You see, bilirubin is a potent antioxidant and anti-inflammatory molecule that’s been implicated in the prevention of metabolic syndrome and diabetes, cardiovascular diseases, and kidney disease [20–23].
These incredible benefits are due primarily to bilirubin’s ability to inhibit NADPH oxidases [24,25], which are enzymes that create free radicals and contribute to the oxidative stress seen in many disease states [26,27]:
- Fat cells in obesity
- Blood vessels and heart in cardiovascular diseases
- Microglia, astrocytes, and neurons of brain diseases
- Pancreas of diabetes
- Colon of colon cancer
- Liver of fatty liver
- Kidneys of kidney disease
- Bone of osteoporosis
- Retina of macular degeneration
Basically, NADPH oxidases are a fundamental source of oxidative stress and disease, and bilirubin directly binds to and inhibits them, thereby protecting against metabolic dysfunction and a host of other pathologies.
Spirulina’s primary phytochemical mimics bilirubin and spirulina supplementation could therefore bestow many of the benefits of Gilbert’s syndrome.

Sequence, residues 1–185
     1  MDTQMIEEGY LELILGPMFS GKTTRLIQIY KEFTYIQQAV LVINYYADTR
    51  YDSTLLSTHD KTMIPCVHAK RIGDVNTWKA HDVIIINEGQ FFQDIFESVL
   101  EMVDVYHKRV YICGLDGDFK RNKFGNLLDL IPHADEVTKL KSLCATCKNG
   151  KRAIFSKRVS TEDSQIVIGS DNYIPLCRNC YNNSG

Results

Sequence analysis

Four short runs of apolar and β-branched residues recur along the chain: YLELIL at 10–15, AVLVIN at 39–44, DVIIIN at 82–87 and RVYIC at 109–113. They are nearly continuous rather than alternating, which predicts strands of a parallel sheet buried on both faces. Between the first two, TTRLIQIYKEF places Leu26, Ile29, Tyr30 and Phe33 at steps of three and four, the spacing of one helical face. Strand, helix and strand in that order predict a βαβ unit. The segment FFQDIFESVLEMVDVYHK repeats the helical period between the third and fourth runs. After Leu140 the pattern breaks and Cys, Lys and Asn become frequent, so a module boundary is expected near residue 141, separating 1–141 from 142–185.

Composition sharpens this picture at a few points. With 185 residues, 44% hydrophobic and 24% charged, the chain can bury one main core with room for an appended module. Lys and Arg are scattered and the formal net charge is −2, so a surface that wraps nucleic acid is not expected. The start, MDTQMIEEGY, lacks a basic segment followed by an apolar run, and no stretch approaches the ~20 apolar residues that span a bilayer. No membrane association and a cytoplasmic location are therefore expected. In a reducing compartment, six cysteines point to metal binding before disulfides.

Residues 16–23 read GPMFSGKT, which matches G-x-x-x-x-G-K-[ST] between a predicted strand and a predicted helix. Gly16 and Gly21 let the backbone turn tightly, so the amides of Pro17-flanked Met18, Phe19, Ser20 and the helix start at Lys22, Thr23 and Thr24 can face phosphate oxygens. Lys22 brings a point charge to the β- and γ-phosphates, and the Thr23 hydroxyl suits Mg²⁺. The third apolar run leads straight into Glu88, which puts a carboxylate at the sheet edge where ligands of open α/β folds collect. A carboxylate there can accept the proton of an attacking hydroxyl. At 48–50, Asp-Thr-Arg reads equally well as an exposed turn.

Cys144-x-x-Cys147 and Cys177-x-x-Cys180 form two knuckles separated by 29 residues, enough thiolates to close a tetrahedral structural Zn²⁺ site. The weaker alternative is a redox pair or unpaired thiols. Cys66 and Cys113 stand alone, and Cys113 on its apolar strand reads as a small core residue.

Spirulina Protects Against Metabolic Dysfunction
We see many of the cardioprotective effects of Gilbert’s Syndrome play out with spirulina supplementation, further supporting a connection between the two. Numerous clinical trials have shown that spirulina supplementation improves metabolic health.
For example, a meta-analysis of 12 studies involving adults with metabolic syndrome found that an average of just 2 grams per day of spirulina significantly lowered fasting glucose, blood pressure, and blood lipids after 2–3 months .
These benefits have profound implications for your long-term health. Based on a meta-analysis of 49 studies looking at the relationship between LDL-C and cardiovascular disease , we can expect regular supplementation with spirulina to reduce your risk of having a major event by at least 25%.
Several other systematic reviews and meta-analyses have supported these findings, reporting that spirulina improves glycemic control, alleviates dyslipidemia, and reduces visceral fat in older adults, postmenopausal women, and those with metabolic dysfunction [30–32].
The effects are particularly pronounced if you are someone currently dealing with metabolic dysfunction. For example, in adults with type 2 diabetes, 2 grams of spirulina per day reduced fasting blood glucose by 12%, post-meal glucose by 6%, and HbA1c by 11% after two months .